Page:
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See detailFrance and the Euro: the political management of paradoxical interests
Howarth, David UL

in Dyson, Kenneth (Ed.) The Euro at Ten (2008)

This contribution briefly explores the context and initial conditions of EMU in France. The pursuit of low inflation through the external constraint of the EMS and then EMU reflected real economic needs ... [more ▼]

This contribution briefly explores the context and initial conditions of EMU in France. The pursuit of low inflation through the external constraint of the EMS and then EMU reflected real economic needs linked to developments in French capitalism and notably financial market liberalisation. The discursive/ideological structure underpinning and shaping the impact of EMU involved a dialect between a conservative liberalism—in the ascendant given the economic constraints reinforced by monetary integration—and a rearguard interventionism that is bolstered by widespread public hostility to economic liberalism and globalization. The decision to embrace EMU should furthermore be seen in terms of French strategy to increase monetary policy-making power in relation to both the Germans and the Americans (Howarth 2001) which is not explored further in this chapter because it is of limited significance to the politics of EMU in post-1999 France. This contribution also examines substantive reforms to, respectively, the French polity, politics and policies both in terms of this dialectic between conservative liberalism and interventionism but also in terms of Europeanization. EMU embodies a paradox for French policy makers. The project can be seen in terms of meeting long-standing French macro-economic goals of achieving competitiveness through disinflation, the elimination of the German-centred EMS and sheltering France from speculative pressures. Yet the EMU also involves an institutional framework and rules that ostensibly decrease policy making margin of manoeuvre -- thus the need for the French government to politically manage a paradox. [less ▲]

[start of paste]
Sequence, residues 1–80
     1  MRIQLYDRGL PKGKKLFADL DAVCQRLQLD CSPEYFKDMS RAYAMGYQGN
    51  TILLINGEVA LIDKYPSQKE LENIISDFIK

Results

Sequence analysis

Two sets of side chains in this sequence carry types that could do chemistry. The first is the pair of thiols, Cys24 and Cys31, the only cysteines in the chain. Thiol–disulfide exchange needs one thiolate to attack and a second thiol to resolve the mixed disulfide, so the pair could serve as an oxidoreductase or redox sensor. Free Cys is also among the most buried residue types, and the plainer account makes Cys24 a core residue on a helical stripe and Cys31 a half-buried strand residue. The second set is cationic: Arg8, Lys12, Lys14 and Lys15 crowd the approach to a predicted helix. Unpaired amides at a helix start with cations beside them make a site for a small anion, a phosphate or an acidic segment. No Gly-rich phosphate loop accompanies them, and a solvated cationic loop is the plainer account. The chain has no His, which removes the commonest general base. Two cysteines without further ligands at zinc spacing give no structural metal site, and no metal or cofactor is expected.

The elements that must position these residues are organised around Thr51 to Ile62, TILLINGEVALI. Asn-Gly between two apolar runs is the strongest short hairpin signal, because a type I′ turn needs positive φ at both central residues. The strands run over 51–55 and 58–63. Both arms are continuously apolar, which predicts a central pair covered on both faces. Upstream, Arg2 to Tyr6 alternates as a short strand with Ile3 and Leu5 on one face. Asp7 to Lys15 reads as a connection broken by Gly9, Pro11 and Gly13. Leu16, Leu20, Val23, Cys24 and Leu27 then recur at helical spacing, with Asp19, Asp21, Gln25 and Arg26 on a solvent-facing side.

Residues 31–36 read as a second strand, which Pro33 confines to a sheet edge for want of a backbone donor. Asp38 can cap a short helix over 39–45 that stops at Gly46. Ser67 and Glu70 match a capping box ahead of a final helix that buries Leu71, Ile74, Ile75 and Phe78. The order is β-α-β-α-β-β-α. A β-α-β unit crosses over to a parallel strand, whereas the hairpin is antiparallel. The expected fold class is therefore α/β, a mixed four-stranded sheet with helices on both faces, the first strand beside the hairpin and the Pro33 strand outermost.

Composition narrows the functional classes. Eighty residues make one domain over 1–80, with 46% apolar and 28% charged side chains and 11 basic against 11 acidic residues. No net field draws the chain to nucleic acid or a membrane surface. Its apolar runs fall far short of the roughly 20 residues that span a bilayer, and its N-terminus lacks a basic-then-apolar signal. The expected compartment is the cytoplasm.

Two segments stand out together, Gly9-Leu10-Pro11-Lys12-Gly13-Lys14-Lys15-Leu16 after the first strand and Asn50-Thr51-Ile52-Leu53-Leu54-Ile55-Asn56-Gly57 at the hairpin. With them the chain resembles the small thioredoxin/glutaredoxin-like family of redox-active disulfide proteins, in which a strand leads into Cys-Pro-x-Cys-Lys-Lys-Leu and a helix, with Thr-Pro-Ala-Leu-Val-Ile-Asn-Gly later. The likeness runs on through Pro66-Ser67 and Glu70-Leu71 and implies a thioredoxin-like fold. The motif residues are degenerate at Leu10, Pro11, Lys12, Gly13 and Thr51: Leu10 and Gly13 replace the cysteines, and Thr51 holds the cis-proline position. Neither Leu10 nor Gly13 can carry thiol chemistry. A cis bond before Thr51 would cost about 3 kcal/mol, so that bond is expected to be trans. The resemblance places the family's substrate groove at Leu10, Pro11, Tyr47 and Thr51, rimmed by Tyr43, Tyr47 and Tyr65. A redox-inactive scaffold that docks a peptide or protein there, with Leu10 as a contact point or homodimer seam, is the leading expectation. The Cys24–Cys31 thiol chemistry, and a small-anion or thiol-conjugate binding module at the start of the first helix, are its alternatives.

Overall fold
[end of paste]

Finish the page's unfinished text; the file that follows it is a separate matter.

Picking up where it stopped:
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See detailDelegation and Commission leadership in Economic and Monetary Union
Howarth, David UL

in Hayward, Jack (Ed.) Leaderless Europe (2008)

The aim of this contribution is to explore Commission leadership in terms of the powers and responsibilities delegated to the Commission under the TEU and the Stability and Growth Pact (Stability Pact ... [more ▼]

The aim of this contribution is to explore Commission leadership in terms of the powers and responsibilities delegated to the Commission under the TEU and the Stability and Growth Pact (Stability Pact, Pact, SGP). Delegation theory is a useful tool to elucidate the scope and limits of the Commission’s leadership role in EMU. The Commission’s potential for leadership or ‘entrepreneurship’ is maintained yet constrained by the terms of delegation. These terms provided considerable scope for Commission leadership in Stage II of the EMU project (from 1994) notably in rendering credible the commitment of member states to the start of Stage III on 1 January 1999 and the subsequent launch of the euro. Delegation theory can also demonstrate why the Commission has had difficulty asserting a leadership role since 1999 in the context of macroeconomic – notably fiscal – policy coordination in EMU and more specifically with regard to the application of SGP rules. The Commission’s role can be seen principally in terms of the management and watch-dog functions delegated to it in the Maastricht Treaty and the SGP. However, the rule book according to which the Commission must operate in terms of these two functions has been widely criticised – both by member state governments and the Commission itself. [less ▲]

Detailed reference viewed: 180 (1 UL)